I didn't think it would quite happen to me, but like they say in the books, there she was, walking on the cobbled stones, down the street and into my heart. (If you think this is one of those cheap ha'penny stories that end with the object of my intense passion turning out to be some inanimate object, be assured, this is no ephemeral tale, but my own personal masterpiece that I chose to paint for eternity's wonderment.)
But hark! As I stood there lost in the mists of the searing passion that rose from the deepest recesses of my being, she stepped lightly past me. I could not thank the streets for being narrow enough; she brushed close past me, the fluttering of her skirt of red mimicking the flurry of intertwined emotions in my throbbing mind. Ah! the cruel hand of fate: after she was past me, she slipped and clutched wildly at a passer-by who helped her regain her balance. That could have so easily been me, I could not help bemoaning the loss of a divine chance to feel the touch of that flower who had set me wild on the path of intoxication.
For she was glorious in her womanhood, her red cheeks glowing in the wintry air, a petal seeking my hungry sight, lips luscious and redoubtable, daring and beckoning. She flitted about, seemingly no care in mind, but I knew what her destination would be. Or must be. It must lead to me, and to me alone.
Rarely does one know. I knew, I knew. From the depths of my heart I knew she was the one who would complete my life's mission. There had been a few before her, but I could never feel the same way about them as I felt now. It was glorious, my friends, and I wish I could share my joy with more people! But I wish they would understand, no, they couldn't and wouldn't. I had to press my heart to myself, this affliction was deeply personal.
Dream I might, but as I stood there amidst the gentle patter of the rain that had begun, I suddenly realised she would soon be out of sight. I could not bear to confront the fact that memories were all that would be left of her, and I began to run towards her. There she stood, laughing along with some girlfriend of hers, the tinkle of her pretty voice tugging playfully at my earlobes. Stop it! I wanted to tell her playfully, without really meaning it. Stop being so perfect! You make it very difficult for me to resist!
You see, I didn't know her. But it was not such an insurmountable task though, that of approaching her. I could boast of some experience in these matters. I waited patiently for her plain friend (plain it seemed to me, though some might have disagreed, but oh! such was the manner in which every other work of beauty paled before her) to retreat. It was a question of time, I knew, I was more convinced of my destiny now.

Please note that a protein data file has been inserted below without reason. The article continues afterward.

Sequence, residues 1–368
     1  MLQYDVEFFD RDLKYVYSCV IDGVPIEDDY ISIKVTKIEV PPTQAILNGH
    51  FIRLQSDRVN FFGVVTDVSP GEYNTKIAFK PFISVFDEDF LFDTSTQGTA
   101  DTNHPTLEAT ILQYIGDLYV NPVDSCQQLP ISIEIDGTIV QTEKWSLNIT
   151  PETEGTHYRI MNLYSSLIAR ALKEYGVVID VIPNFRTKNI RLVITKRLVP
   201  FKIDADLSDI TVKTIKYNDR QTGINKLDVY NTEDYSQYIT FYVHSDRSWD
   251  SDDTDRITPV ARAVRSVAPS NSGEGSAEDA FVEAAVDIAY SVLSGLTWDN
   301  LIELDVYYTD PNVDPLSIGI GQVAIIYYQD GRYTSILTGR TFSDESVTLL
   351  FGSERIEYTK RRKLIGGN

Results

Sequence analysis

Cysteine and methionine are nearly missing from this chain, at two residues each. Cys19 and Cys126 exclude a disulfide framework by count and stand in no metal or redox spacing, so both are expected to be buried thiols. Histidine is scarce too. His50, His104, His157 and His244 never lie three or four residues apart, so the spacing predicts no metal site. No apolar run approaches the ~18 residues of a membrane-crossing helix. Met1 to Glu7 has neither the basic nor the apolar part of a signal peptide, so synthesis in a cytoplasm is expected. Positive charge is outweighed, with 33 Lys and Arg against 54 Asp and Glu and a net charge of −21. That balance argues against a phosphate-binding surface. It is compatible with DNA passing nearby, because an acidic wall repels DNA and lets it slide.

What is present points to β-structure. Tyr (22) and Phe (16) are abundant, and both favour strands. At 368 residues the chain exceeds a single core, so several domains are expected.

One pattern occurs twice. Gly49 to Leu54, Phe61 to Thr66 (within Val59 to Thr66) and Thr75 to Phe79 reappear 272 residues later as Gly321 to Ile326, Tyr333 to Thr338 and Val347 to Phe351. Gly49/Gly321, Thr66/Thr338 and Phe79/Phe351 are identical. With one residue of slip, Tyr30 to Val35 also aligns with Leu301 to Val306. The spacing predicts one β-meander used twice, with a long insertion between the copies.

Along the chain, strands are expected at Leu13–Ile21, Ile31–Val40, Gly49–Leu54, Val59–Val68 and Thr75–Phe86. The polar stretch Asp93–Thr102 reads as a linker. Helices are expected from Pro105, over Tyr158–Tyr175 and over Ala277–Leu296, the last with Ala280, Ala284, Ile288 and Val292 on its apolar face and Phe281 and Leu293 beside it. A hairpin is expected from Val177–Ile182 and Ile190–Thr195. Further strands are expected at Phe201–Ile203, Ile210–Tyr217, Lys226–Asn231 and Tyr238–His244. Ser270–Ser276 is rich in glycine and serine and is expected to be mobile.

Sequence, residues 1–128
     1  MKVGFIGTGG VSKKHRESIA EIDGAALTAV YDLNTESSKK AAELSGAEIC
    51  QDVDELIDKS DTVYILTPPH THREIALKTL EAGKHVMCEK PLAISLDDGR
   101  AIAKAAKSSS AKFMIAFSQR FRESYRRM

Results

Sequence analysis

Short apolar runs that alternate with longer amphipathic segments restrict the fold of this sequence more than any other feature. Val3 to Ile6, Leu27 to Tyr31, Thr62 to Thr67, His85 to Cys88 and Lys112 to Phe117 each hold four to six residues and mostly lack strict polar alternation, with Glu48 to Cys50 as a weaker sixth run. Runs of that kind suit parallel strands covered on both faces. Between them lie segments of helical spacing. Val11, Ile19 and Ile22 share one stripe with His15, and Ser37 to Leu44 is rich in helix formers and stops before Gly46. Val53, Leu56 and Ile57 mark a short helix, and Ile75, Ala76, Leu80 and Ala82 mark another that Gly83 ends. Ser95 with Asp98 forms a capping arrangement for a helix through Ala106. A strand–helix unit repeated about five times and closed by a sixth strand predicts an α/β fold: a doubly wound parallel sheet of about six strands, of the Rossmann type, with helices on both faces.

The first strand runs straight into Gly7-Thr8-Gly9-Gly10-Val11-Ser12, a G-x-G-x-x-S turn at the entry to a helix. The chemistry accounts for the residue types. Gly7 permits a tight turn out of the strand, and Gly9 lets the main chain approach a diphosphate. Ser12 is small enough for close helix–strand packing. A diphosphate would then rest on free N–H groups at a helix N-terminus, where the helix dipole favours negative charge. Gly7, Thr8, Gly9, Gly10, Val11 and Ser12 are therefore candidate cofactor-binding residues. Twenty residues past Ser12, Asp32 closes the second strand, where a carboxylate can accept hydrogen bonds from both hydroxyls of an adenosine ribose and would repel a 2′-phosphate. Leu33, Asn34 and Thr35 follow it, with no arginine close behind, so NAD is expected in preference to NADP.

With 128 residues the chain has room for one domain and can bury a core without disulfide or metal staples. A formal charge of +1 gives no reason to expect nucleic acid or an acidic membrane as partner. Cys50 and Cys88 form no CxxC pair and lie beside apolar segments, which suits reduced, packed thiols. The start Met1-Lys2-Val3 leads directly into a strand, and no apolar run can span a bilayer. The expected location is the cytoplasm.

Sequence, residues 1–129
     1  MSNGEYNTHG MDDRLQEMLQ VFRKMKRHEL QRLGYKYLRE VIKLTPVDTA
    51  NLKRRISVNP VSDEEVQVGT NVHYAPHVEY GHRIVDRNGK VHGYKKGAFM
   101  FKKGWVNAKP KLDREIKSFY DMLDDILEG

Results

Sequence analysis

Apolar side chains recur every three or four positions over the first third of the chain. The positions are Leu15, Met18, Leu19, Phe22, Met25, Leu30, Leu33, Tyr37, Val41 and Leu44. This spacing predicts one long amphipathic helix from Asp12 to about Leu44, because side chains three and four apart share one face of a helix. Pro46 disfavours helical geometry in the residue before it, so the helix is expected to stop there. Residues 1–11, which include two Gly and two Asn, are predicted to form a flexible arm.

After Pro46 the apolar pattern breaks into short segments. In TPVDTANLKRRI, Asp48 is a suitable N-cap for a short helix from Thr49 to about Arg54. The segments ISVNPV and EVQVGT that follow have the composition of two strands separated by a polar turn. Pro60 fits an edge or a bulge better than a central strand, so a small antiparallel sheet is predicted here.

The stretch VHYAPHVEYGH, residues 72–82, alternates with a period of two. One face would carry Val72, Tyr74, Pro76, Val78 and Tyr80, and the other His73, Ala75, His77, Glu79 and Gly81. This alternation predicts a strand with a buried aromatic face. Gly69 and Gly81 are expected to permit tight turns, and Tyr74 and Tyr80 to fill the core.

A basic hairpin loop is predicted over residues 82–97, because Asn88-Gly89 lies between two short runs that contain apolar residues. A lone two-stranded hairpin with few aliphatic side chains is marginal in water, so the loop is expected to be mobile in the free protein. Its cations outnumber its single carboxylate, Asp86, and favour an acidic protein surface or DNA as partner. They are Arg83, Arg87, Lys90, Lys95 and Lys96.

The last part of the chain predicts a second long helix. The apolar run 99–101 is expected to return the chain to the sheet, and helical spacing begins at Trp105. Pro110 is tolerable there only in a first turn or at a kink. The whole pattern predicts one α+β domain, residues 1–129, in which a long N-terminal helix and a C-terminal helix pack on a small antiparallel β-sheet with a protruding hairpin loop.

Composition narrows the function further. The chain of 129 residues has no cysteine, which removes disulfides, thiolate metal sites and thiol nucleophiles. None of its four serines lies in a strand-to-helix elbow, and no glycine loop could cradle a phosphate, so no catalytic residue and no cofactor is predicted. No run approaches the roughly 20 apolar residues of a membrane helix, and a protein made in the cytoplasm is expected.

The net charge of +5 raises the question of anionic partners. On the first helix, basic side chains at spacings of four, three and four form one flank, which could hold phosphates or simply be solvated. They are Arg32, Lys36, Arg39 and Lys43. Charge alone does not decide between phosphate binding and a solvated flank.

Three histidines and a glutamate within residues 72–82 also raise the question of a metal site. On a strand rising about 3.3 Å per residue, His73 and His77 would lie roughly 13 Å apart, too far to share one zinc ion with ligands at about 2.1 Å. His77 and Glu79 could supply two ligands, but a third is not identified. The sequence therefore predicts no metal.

Soon, my girl (how wonderful that sounds to me!) waved her goodbyes to her friend, and walked on, turning into a sidestreet that was solitary, and if I had to talk to her alone, this was my chance, my godsend. I sped up towards her, the nightfall unable to diminish one miniscule portion of her rouge cheeks, her swirling skirts kissing the paved stones. She stopped by the lights to check one of her heels and must've seen me coming, but she didn't straighten up immediately as would any other woman in a lonely street at night. Not this lass. My girl was feisty, that I could see. Her heels fixed, she looked coquettishly at me. I had wrapped my coat tighter around me, the chill in the October air was getting more pronounced by the minute.
"So sir", her voice betraying her Scottish ancestors,"you're out pretty late for a gen'l'man, ain't yer?". All I could was smile sheepishly, like some teenager unable to comprehend the first flushes of infatuation. But it was the blood coursing, roaring, thundering through me that left me speechless. This was not the first time I had been in this situation, I knew what to do , but my lads, it is like a debut each time. "Hurry up now!" she said. "Don't want to keep me waiting, do yer?". And she looked around for a place to keep her hat.
At which point, I decided I had enough and slit her throat with my trusted scalpel, a friend that never let me down. The redness of her blood seemed to go perfectly with the scarlet that is such a mark of her profession. My friends, the joys of the next few minutes I can still feel, though I can't recollect in stark detail their occurence, that of steel meeting unresisting flesh and bones. This one was special, my best ever, my pinnacle.
So it came to pass on that dull and drizzling October day in Her Majesty's reign, I walked contented, an artist and teacher in the classrooms of those East End streets, the gaslights bouncing off my grey coat as I receded once more into that all-embracing fog that endeared my city to me. As I dodged the newly-formed puddles, I couldn't help reflecting on her. She had been special, this one, she had something the others before her did not. Some might have even considered her heavenly. But there was no doubt that most of my fellowmen, now and in what we called the future, would consider that I had come from nowhere but From Hell.